Yaskawa and Clearpath to develop logistics robot that moves around, picks stuff up and then puts them down again
Yaskawa, one of the world’s biggest makers of industrial robots, is teaming up with Clearpath to build a new type of robot that combines two disctinct technologies.
Yaskawa, founded in 1915, is known for the industrial robot arm, particularly its Motoman range.
Clearpath is a relatively new company, founded in 2009 by a few University friends in Canada.
The two companies say combining their technologies will enable the building of a robot which autonomously moves around a given area, say a warehouse, picks stuff up and them puts them back down again, preferably in exactly the place it’s meant to be.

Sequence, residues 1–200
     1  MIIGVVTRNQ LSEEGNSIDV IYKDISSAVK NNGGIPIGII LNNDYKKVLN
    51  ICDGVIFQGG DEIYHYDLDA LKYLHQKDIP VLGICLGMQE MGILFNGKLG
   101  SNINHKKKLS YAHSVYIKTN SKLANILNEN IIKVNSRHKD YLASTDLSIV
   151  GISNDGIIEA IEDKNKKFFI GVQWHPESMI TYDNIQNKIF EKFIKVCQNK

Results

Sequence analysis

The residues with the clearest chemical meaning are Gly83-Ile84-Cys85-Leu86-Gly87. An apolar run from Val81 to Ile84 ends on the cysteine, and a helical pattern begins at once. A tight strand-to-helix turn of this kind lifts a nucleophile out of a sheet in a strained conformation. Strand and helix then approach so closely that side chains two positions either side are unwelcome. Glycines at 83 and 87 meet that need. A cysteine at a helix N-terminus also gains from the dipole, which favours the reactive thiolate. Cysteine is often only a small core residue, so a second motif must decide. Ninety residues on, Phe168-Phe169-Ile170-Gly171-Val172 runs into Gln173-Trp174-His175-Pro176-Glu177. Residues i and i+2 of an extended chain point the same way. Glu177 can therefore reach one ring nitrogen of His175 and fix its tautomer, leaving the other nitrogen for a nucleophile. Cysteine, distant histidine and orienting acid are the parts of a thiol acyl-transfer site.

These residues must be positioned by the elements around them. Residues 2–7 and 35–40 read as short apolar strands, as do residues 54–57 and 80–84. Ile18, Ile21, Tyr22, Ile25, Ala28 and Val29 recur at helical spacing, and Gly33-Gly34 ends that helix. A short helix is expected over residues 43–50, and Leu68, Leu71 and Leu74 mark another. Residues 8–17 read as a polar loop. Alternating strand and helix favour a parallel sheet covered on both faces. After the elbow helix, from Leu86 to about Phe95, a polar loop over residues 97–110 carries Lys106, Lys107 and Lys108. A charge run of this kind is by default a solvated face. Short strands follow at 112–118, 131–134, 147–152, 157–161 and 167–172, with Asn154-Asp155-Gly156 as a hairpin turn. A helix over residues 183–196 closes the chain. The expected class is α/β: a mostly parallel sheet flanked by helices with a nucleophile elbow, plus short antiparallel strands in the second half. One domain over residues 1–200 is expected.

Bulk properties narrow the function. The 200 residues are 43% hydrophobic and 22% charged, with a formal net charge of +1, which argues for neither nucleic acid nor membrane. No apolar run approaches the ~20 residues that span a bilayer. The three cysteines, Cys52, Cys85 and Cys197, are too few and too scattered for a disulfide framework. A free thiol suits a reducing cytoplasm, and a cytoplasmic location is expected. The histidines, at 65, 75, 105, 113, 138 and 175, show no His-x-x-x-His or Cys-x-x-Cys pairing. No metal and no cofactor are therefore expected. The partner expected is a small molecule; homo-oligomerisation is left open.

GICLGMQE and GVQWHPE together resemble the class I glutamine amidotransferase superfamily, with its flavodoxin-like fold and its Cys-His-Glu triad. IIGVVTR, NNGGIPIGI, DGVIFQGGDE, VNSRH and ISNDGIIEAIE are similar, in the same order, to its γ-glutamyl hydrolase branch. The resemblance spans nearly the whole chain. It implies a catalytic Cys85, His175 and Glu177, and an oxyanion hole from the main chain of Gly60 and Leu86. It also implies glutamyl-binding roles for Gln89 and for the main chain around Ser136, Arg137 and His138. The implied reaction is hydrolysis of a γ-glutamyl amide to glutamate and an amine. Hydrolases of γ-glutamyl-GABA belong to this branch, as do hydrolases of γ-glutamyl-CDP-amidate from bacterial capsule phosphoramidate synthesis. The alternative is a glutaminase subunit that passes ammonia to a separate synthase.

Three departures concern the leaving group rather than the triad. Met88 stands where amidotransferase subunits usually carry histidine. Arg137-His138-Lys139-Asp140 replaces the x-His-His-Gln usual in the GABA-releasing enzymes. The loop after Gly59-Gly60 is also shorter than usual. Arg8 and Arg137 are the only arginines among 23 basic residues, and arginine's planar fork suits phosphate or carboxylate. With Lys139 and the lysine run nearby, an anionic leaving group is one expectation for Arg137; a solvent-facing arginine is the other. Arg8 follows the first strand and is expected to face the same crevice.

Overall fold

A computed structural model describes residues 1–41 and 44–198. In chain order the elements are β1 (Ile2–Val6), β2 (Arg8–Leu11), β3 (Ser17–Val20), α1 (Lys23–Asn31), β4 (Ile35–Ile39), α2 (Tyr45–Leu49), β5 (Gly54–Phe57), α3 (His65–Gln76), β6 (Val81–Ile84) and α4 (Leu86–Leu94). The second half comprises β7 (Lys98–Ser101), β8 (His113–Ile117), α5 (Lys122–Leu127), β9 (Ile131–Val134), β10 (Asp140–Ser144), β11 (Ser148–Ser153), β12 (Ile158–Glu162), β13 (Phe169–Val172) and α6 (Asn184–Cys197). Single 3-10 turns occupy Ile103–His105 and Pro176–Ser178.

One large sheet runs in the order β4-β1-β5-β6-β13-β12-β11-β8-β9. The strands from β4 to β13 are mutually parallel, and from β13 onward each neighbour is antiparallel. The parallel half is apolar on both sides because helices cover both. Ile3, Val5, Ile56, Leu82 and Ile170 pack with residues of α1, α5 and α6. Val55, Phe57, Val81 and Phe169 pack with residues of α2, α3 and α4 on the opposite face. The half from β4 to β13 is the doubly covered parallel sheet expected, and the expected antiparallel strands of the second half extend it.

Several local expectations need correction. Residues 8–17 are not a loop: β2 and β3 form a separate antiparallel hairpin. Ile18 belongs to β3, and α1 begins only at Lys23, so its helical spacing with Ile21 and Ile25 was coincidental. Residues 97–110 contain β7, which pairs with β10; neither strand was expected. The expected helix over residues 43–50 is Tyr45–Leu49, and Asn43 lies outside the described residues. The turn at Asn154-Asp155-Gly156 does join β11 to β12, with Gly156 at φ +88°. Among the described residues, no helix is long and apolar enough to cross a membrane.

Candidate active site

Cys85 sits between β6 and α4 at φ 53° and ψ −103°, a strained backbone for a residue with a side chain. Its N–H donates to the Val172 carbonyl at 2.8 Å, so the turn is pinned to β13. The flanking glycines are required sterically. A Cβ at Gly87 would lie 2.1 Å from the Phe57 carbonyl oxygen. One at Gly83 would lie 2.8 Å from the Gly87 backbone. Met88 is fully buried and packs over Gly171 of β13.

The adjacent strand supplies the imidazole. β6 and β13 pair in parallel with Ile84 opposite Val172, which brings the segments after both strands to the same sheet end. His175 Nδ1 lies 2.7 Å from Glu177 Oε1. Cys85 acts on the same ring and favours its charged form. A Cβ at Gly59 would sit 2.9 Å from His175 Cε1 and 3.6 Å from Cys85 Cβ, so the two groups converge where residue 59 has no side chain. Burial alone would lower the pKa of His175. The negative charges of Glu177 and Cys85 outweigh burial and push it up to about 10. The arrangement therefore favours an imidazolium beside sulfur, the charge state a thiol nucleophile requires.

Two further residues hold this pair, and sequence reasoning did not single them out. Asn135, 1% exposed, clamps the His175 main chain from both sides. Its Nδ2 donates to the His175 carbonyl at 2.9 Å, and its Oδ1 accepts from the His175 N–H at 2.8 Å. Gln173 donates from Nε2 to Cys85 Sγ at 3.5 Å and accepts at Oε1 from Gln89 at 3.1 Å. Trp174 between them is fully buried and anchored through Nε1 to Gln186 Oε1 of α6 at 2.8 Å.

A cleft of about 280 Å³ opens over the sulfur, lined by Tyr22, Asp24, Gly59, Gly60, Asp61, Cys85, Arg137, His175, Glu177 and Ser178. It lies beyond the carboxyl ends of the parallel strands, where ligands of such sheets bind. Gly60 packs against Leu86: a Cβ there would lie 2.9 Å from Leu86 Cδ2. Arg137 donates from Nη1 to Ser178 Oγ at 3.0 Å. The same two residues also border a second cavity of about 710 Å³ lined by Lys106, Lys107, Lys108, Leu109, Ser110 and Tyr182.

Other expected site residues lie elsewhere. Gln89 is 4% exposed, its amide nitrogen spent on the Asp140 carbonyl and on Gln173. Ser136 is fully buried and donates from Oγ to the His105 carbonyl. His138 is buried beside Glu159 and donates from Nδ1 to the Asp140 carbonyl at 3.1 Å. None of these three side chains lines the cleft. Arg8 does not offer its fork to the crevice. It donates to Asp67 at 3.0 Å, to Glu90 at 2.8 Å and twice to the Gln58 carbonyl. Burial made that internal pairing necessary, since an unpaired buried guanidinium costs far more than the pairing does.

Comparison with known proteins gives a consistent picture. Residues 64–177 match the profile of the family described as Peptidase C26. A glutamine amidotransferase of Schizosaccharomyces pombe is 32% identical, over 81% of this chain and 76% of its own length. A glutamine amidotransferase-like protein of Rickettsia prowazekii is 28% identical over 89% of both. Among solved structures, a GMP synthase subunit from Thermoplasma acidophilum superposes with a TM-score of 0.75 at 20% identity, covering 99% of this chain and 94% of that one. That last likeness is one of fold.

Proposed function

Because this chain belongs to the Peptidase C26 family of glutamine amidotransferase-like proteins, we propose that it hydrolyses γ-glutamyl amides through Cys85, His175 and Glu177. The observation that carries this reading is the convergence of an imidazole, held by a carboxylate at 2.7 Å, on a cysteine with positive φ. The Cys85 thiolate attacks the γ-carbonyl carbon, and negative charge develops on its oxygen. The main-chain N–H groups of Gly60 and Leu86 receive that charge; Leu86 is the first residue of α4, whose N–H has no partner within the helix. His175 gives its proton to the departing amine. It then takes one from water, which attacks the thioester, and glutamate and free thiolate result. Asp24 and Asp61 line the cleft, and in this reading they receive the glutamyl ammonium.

Yaskawa and Clearpath call it “a mobile machine tending and material movement solution” and say it will be “ideal for shop floor environments”.
The new machines will fully integrate both companies’ technologies. It will feature a Motoman MH12 robot equipped with end-of-arm tool and vision system, mounted on Clearpath’s Otto 1500 self-driving vehicle.
This project is currently under development and supported under the advanced research division of Clearpath.
“Our partnership with Clearpath will provide industry with a robust, tightly integrated solution for moving robots to the work in a very flexible and dynamic way,” said Roger Christian, divisional leader, new product development at Yaskawa Motoman. “This autonomous modular solution provides users an alternative to arranging the work to a fixed robot station.”
The MH12 robot features a 12 kg payload capacity, hollow wrist for reliable EOAT cable management and a 1,440 mm horizontal reach.